The recently-refurbished bar at The Bloomsbury has added a touch of glamour to an area once full of chains and tourist traps. Rosie Paterson paid a visit.
Over 1,000 restaurants opened in London in 2017 alone, but from time to time I still find myself in empty pockets of the city – pockets filled with office blocks, tourist attractions and the odd chain restaurant, but nothing more that inspires me to linger.
Tottenham Court Road was a prime example, until this time last year, when The Bloomsbury hotel re-launched its reception area as the beautifully bold Coral Room.
The double height space daubed in coral-coloured paint (what else?) is an impressive cavern, crowned with a giant Art Deco-style bar running the length of one wall. Inviting velvet armchairs and scallop back sofas dot the space, in intimate groupings, and a Jazz Age drinks cabinet sits pretty underneath the large sash windows. Bright in colour and character – it’s the hotel’s heart and soul, buzzing throughout the week and occasionally home to live music sets.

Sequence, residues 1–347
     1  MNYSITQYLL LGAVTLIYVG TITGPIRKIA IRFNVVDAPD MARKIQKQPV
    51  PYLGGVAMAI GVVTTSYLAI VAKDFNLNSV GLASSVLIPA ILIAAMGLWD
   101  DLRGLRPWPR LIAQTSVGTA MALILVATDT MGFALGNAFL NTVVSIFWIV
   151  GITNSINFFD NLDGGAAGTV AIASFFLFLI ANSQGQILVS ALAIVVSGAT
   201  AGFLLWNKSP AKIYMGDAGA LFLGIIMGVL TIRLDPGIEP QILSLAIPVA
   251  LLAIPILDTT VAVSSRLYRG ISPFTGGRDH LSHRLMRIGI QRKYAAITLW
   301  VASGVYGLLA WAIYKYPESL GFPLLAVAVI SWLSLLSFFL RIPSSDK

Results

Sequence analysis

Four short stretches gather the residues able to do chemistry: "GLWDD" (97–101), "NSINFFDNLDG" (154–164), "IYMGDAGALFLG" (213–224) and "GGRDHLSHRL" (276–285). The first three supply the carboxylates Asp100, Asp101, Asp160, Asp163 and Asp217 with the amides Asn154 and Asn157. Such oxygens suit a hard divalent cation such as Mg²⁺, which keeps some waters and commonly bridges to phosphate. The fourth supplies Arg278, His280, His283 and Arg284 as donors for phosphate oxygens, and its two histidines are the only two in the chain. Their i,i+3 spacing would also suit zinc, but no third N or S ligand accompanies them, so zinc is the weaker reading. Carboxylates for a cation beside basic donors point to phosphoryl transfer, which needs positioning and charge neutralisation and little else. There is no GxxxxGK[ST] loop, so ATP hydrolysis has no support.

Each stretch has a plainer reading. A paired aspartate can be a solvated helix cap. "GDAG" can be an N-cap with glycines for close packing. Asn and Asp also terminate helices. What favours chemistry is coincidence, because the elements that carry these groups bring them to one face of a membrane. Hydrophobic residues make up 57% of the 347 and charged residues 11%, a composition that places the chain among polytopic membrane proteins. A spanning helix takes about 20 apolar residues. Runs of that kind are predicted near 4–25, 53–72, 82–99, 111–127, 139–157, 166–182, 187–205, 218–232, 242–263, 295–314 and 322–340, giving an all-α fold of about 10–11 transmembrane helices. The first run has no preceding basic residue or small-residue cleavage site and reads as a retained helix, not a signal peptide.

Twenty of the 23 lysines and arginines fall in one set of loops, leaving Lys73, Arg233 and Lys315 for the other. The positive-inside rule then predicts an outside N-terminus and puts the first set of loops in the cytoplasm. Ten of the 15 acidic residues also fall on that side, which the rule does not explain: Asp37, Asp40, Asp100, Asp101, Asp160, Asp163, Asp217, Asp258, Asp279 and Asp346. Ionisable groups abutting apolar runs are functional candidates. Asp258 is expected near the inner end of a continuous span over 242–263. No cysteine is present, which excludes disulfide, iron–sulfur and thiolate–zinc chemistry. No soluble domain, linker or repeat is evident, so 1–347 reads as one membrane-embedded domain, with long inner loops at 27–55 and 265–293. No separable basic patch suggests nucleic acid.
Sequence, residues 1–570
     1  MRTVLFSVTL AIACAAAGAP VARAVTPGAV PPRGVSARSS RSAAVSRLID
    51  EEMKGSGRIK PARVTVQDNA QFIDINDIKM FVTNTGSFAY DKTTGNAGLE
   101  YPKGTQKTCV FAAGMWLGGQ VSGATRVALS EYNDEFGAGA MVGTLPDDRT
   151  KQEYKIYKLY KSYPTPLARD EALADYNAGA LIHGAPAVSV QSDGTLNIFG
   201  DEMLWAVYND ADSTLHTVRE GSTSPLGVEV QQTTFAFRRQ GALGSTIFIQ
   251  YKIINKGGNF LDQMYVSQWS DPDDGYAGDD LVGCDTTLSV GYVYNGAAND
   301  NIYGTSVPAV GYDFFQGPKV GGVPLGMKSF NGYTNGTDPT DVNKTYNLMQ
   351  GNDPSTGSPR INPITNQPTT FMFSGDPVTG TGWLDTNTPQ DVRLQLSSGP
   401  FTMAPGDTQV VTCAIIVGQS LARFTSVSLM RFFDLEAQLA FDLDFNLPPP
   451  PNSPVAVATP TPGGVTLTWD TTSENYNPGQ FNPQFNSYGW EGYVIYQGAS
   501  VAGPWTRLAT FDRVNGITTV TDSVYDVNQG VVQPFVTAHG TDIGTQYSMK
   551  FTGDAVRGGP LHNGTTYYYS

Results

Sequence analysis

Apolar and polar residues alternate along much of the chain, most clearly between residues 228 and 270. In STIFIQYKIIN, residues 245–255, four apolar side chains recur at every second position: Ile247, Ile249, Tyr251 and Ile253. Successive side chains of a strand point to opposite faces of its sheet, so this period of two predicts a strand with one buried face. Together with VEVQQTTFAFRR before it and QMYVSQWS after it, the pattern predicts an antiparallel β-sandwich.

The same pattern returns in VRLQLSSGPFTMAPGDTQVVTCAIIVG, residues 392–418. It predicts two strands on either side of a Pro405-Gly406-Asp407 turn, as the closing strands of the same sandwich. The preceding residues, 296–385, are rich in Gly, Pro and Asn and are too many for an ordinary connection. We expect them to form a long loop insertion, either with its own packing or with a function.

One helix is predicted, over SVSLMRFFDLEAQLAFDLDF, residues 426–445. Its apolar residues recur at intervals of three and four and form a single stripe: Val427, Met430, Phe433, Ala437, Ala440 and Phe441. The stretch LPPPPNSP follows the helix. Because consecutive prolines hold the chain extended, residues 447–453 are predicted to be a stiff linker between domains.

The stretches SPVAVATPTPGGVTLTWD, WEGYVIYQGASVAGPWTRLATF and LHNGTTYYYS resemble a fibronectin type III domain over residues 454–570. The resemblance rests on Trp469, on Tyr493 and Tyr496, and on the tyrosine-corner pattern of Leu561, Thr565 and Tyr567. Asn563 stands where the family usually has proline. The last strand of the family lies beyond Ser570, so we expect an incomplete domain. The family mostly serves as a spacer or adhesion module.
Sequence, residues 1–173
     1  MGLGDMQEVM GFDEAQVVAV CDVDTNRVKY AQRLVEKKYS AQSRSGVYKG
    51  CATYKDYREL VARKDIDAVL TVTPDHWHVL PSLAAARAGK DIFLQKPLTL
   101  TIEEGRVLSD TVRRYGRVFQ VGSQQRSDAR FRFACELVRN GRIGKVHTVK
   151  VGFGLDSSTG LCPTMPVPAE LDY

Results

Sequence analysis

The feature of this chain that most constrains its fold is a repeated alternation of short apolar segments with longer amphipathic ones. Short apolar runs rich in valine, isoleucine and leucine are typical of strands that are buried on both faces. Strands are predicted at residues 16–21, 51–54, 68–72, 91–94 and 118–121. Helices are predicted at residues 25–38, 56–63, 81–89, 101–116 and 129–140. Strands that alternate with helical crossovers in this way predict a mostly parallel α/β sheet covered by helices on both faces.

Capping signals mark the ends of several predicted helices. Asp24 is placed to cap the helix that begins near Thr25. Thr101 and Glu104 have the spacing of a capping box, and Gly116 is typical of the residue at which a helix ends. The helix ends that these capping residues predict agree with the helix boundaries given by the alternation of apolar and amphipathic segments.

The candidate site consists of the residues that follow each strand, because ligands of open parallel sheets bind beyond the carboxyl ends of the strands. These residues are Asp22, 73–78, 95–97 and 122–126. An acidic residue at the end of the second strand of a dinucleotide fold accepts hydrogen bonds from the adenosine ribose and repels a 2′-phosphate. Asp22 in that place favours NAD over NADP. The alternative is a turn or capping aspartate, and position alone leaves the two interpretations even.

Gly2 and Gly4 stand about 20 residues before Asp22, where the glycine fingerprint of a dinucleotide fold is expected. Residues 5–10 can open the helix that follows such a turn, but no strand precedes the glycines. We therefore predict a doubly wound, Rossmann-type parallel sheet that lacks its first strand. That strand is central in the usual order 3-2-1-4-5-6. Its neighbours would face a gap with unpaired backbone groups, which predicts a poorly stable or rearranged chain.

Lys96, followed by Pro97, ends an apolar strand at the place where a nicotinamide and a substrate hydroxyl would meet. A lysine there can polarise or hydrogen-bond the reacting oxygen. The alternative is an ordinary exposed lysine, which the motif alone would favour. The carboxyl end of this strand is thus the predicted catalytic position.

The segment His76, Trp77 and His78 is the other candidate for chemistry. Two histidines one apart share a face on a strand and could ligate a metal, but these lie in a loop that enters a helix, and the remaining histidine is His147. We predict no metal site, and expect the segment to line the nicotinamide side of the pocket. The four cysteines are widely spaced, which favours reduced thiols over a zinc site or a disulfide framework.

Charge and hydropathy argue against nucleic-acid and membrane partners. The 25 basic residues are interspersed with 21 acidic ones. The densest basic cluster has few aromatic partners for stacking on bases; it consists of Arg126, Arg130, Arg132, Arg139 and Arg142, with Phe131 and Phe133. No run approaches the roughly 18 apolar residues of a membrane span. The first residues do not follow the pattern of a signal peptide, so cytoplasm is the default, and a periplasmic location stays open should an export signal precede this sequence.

Start with a glass of Ridgeview Bloomsbury – the Coral Room’s house sparkling wine, it comes highly recommended by the bar staff (enthusiastic and genuinely warm) and more than lives up to expectations – before diving into the extensive cocktail list.
A lot have wonderfully British names: Apple Bobbing, Wiltshire Warrior and Rose Blossom, the latter a gin based concoction with orange, elderflower and that much lauded sparkling wine. Others are more exotic; all are delicious. We particularly enjoyed the Gin Lane (it sits on the right side of sweet). The classics – a few margaritas didn’t go amiss – were well mixed and delivered a distinctive punch
You won’t want to leave so keep your energy levels up with some snacks and small plates. It says a lot about a bar, in its favour, when the food hasn’t been overlooked. The seared tuna, Dorset crab on toast and devils-on-horseback went down particularly well.
The Coral Room’s success, and that of the whole hotel, owes a lot to internationally acclaimed designer, Martin Brudnizki. He has, ironically, hauled one of London’s most exciting re-launches into the 21st-century, by returning the building to its roaring twenties heyday. The Bloomsbury Set would surely have approved.
Tucked away within Fortnum & Mason is 45 Jermyn Street, a delightful restaurant full of glamour and theatricality. Rosie Paterson
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